Consider this: We might not immediately know what to do when we pass a woman with a black eye in our grocery store. We might realize a moment too late that someone of another race or creed has been snubbed or excluded in our midst.

But every one of us would enter adamantly, passionately into a discussion on the inhumanity of Pre-Civil War slavery. We’d not hesitate to express our view of the hate-filled prejudice played out during the civil rights movement, or the horrors of Hitler’s concentration camps. We’ve counted those costs. We stand and review those scenarios from a distance.

Historical fiction allows us to create a less personal portrayal of conflicts, to form a framework in which we can discuss tough issues. They are stories of people “long ago and far away,” no matter that a similar issue is playing through our evening news—an issue we may embrace just as passionately.

It’s the same when we read a biography in which the hero or heroine face seemingly insurmountable obstacles. As we read how they overcame those problems we’re inspired, given hope, and led to believe that we can overcome our current life challenges, too—which may be separated by centuries, but play out in a surprisingly similar vein. We appreciate and are enriched by the perspective created by time and distance.

That is my hope for readers as they absorb Band of Sisters, a story set in NYC, 1910-1911. Two Irish immigrant sisters are drawn, unwittingly, into a web of human trafficking, beginning at Ellis Island. A group of committed churchwomen want to help, but are hindered by lack of information, social moors, and not knowing where to begin. So, they ask, “What would Jesus do in a need so desperate?”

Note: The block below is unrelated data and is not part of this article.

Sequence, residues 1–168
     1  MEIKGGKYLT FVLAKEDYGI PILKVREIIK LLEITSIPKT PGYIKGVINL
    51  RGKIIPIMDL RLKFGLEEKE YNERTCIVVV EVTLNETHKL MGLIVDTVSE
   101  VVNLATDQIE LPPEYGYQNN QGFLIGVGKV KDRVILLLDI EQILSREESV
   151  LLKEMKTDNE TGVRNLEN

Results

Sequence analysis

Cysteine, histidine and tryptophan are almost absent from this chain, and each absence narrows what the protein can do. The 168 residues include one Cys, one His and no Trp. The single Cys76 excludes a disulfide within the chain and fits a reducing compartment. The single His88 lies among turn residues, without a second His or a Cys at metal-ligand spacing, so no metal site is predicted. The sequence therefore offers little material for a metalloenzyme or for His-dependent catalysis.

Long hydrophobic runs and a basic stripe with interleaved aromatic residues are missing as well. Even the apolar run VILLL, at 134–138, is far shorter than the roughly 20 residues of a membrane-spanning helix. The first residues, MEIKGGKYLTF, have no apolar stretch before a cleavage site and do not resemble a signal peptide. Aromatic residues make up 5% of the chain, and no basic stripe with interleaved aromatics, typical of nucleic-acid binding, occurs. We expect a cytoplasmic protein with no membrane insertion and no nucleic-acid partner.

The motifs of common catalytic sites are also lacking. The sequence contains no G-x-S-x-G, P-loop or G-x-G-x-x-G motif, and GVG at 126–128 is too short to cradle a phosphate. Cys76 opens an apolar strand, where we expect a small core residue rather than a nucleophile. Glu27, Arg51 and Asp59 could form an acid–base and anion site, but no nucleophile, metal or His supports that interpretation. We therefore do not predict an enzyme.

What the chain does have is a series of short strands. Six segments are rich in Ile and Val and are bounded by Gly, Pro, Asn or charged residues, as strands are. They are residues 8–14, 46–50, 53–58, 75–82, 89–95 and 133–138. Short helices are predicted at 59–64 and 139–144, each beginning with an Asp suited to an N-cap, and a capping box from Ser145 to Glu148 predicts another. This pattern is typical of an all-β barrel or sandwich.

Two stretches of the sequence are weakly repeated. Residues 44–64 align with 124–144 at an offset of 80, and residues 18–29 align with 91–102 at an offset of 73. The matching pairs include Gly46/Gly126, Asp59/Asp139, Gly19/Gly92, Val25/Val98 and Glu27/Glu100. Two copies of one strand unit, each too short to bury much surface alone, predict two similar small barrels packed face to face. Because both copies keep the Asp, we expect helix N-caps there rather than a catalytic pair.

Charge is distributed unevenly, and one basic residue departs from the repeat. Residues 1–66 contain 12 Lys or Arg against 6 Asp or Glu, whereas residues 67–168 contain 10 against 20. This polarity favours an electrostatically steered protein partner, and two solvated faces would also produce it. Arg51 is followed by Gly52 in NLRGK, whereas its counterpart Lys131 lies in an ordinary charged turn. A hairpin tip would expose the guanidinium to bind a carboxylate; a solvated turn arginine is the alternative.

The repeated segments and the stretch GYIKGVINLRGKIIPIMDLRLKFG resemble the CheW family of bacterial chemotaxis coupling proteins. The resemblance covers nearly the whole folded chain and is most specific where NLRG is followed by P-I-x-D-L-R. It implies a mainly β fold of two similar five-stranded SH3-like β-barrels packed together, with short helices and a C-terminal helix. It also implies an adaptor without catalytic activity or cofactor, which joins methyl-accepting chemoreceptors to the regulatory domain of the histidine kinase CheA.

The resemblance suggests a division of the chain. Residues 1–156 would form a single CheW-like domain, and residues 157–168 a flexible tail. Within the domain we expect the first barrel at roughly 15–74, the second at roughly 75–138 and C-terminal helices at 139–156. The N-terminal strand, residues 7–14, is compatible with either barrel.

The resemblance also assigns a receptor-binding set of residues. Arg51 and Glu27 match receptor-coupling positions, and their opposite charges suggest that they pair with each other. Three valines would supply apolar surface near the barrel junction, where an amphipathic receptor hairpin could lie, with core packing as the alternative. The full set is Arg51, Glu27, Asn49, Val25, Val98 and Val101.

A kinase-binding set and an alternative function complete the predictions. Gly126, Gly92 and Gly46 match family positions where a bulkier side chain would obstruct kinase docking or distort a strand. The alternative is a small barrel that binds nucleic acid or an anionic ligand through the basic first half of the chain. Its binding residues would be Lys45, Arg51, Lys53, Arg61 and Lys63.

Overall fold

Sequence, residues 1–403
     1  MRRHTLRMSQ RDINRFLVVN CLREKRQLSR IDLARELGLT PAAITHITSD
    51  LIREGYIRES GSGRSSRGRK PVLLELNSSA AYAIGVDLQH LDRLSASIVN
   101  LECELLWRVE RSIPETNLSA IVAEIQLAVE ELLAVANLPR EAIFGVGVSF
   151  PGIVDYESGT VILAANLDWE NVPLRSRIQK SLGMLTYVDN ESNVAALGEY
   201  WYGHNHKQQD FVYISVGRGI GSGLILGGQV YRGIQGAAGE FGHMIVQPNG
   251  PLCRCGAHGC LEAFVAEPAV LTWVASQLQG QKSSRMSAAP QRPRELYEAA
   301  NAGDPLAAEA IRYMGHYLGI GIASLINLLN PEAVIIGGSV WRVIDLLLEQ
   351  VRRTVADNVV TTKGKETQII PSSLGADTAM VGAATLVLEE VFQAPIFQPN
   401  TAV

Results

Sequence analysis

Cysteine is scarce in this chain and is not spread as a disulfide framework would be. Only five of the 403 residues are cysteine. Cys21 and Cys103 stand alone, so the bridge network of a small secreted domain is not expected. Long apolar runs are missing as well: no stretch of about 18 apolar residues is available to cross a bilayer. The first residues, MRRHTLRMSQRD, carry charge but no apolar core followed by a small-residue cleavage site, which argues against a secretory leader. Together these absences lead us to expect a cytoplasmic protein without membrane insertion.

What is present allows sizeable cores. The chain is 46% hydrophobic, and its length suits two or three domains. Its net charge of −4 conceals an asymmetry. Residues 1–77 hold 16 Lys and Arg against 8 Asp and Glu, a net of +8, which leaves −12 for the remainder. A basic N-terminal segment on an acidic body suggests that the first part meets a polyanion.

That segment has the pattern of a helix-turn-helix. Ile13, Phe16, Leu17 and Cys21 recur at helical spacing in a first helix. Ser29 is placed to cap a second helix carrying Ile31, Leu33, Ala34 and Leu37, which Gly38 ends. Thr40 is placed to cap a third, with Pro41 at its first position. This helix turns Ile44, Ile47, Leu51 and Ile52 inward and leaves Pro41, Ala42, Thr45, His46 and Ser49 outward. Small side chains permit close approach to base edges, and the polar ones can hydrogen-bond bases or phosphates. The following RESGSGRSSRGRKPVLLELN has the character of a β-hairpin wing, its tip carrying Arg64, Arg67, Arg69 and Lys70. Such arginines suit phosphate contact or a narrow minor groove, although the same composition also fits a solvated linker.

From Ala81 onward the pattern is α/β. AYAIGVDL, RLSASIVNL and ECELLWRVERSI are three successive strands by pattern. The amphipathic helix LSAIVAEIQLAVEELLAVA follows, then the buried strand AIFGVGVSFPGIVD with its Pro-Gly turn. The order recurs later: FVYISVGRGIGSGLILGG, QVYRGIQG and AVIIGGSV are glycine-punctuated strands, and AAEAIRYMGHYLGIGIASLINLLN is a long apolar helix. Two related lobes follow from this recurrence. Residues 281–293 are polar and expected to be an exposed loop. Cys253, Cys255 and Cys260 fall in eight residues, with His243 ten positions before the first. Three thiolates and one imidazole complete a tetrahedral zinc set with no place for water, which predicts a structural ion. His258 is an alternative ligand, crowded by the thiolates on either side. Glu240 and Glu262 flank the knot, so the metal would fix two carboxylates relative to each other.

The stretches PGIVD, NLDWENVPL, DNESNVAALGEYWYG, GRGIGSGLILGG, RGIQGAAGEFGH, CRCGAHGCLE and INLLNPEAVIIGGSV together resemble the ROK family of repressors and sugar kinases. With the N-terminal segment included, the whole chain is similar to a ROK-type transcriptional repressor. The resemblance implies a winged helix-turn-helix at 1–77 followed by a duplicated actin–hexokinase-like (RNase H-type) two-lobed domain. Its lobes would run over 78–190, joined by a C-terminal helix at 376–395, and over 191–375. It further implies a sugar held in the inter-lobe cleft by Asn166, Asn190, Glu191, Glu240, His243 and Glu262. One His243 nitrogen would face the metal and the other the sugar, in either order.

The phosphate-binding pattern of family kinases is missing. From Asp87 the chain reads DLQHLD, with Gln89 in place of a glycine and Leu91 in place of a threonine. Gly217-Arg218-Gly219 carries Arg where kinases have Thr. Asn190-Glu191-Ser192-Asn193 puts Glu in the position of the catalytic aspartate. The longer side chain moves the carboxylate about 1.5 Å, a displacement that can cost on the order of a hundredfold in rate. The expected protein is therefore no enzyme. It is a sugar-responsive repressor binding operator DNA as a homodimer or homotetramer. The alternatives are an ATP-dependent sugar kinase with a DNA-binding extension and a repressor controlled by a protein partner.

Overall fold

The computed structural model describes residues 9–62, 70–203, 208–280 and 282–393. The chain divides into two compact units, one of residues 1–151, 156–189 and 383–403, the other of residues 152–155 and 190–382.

We who know the Lord know that He gave us answers—to these and so many other horrific, pressing challenges—in the way He lived and through the stories and the principles of the stories He told. I used His answers to address questions of human trafficking, immigration and poverty in 1911.

The questions, dangers, drama and trauma of human trafficking are just as true, just as real today as those portrayed in the book—only, unbelievably, heartbreakingly, more pervasive. We can use the same solutions in addressing the crisis today, adapting the characters’ reasoning and actions to our times.

I believe the wrappings of historical fiction make those hard truths easier for readers to grasp.

As Christian writers and readers we have a wide field, a golden opportunity to raise controversial questions and point to the One with answers. Historical fiction is one means, one uniquely useful framework to portray and explore solutions to the explosive issues of our time.
Author Cathy Gohlke

Cathy Gohlke has worked as a school librarian, a drama director for adults and young people, and as a director of children’s and education ministries. Her dreams of detective work, spying, and archeological digs are now accomplished through writing research.

For more information on Cathy and her books, please visit her website. Readers can also connect with Cathy on Facebook.

Thanks for joining us at EIR today, Cathy!